By contrast, the FEC data show that seven groups spent nearly $5.8 million right up to Election Day to oppose Ossoff. That included nearly $2.7 million by the Congressional Leadership Fund, which is affiliated with House Speaker Paul Ryan, and $1.9 million by the National Republican Congressional Committee.
So, Ossoff and the groups that supported him outspent the Republican groups that opposed Ossoff.
Separately, the 11 Republican candidates in the race spent $3.1 million. Those candidates were essentially vying against each other for the right to advance to a runoff election. But even adding the $3.1 million in GOP candidate expenditures to the $5.8 million in GOP independent expenditures doesn't result in Ossoff being "outspent two to one."
Perez is right that Republican PACs spent heavily in the race - much more than the left-leaning PACs that supported Ossoff. But that money merely offset Ossoff's huge fundraising advantage. For example, Handel - Ossoff's GOP opponent in the runoff election - only raised $463,744 and spent $279,767 as of March 29. In fact, all 17 other candidates combined raised less ($4.2 million) and spent less ($3.2 million) than Ossoff, as of March 29, FEC records show.
'Big Loss' for Democrats ?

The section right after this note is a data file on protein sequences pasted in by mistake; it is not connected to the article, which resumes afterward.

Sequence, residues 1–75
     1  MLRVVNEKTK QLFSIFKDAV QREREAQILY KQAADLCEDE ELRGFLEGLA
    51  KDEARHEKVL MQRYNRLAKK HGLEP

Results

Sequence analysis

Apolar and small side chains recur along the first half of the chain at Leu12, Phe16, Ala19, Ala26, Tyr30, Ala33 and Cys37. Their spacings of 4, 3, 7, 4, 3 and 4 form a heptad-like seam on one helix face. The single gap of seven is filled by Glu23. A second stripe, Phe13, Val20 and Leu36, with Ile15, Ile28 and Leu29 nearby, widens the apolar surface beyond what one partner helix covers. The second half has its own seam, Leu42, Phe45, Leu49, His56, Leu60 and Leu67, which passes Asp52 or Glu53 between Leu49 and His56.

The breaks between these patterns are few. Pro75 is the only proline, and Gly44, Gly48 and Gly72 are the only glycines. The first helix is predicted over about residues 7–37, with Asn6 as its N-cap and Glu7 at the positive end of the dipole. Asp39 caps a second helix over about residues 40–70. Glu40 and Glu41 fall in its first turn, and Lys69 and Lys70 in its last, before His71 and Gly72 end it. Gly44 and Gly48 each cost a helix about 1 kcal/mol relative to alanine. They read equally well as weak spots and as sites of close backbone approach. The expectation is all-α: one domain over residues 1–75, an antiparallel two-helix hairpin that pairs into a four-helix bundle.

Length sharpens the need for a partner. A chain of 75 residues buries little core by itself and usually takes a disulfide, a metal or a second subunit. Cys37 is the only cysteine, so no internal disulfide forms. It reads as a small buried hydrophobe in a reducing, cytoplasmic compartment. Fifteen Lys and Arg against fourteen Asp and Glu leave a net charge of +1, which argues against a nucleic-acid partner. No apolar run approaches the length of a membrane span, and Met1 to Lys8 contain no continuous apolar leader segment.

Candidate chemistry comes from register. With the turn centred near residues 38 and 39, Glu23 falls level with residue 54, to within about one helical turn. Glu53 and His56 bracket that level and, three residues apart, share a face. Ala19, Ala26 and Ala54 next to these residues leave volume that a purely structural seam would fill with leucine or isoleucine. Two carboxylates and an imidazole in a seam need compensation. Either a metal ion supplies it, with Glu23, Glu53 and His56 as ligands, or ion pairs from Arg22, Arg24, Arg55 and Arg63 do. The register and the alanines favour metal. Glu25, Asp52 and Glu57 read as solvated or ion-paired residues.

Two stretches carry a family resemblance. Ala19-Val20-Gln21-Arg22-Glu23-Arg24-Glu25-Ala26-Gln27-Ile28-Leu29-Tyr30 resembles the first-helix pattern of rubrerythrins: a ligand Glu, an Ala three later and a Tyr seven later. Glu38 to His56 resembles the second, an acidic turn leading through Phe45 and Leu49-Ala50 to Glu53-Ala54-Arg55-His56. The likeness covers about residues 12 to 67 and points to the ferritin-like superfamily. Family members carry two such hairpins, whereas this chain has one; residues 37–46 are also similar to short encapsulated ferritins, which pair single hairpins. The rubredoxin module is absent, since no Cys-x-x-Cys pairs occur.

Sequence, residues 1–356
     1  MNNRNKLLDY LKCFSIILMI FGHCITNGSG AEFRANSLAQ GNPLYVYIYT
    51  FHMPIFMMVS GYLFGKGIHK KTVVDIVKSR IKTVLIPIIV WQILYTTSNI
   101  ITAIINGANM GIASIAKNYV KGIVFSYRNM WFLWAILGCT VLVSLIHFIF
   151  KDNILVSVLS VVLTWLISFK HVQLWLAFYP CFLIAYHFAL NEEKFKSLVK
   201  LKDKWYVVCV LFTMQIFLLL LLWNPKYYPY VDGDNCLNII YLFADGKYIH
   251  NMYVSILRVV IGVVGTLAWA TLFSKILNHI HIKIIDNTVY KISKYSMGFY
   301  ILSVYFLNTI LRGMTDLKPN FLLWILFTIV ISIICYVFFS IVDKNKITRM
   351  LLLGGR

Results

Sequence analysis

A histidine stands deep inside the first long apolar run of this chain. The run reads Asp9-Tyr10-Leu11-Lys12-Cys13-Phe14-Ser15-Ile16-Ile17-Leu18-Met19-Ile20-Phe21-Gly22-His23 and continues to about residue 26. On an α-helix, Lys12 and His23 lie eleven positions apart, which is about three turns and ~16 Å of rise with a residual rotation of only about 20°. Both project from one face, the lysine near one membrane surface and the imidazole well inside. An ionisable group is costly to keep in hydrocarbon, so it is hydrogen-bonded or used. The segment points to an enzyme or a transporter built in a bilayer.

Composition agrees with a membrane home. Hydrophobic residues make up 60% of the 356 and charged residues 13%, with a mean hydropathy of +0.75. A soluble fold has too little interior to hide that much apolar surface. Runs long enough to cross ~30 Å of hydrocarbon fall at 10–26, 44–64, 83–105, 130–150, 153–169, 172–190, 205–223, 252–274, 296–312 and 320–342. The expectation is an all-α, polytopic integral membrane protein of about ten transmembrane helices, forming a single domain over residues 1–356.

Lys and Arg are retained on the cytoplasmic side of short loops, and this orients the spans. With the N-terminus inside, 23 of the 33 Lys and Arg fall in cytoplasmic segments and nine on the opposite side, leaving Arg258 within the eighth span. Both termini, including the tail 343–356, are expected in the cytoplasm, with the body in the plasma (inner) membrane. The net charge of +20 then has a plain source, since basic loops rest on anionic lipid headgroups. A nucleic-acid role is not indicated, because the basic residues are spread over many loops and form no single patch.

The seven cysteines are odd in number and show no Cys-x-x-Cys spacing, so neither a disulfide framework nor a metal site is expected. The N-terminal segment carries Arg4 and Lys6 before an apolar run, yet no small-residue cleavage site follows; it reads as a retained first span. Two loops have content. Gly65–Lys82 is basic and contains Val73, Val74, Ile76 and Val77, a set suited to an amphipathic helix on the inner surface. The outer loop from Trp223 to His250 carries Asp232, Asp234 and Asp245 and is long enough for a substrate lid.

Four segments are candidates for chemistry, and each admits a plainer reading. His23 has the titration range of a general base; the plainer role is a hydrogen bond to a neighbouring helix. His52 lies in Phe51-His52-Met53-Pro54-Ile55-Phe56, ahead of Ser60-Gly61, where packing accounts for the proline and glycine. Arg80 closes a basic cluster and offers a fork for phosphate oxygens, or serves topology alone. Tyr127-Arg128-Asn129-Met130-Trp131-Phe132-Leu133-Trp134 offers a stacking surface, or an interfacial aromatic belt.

On the Republican side, the White House press secretary called the election results "a big loss" for Democrats, saying the outcome "pretty much tracks" the results in the 2016 presidential election.
Spicer is correct, or nearly so, when comparing Trump's narrow victory over Democratic presidential nominee Hillary Clinton among voters in Georgia's 6th District. Trump outperformed Clinton by about 1.5 percentage points in the district on Election Day.
But Spicer ignores the fact that Price, the former Republican congressman, won the House seat by 23 percentage points in November.
Price won reelection on Nov. 8 with 61.7 percent of the vote, compared with 38.3 percent for his Democratic opponent, Rodney Stooksbury, according to the official results. Although he lost badly, Stooksbury actually did better than any Democrat has done against Price since the Republican first was elected in 2004. Price won with 66 percent of the vote in 2014, 65 percent in 2012, 68 percent in 2008 and 72 percent in 2006. (He ran unopposed in 2010 and 2004.)
As mentioned earlier, Ossoff garnered 48.1 percent of the vote on April 18 in a crowded field - about 10 percentage points better than Stooksbury in 2016. Ossoff's total was more than double that of the highest Republican vote-getter, but the 11 Republicans in the race captured a combined 51 percent of the vote. There were four other Democrats in the race as well, although combined those candidates accounted for less than 1 percent of the vote.
Spicer's comparison of the recent special election results to the 2016 presidential election vote tallies in the 6th District is a bit of an apples-to-oranges comparison. The fact is that Ossoff did exceedingly well in a district that has not been represented by a Democrat since 1979.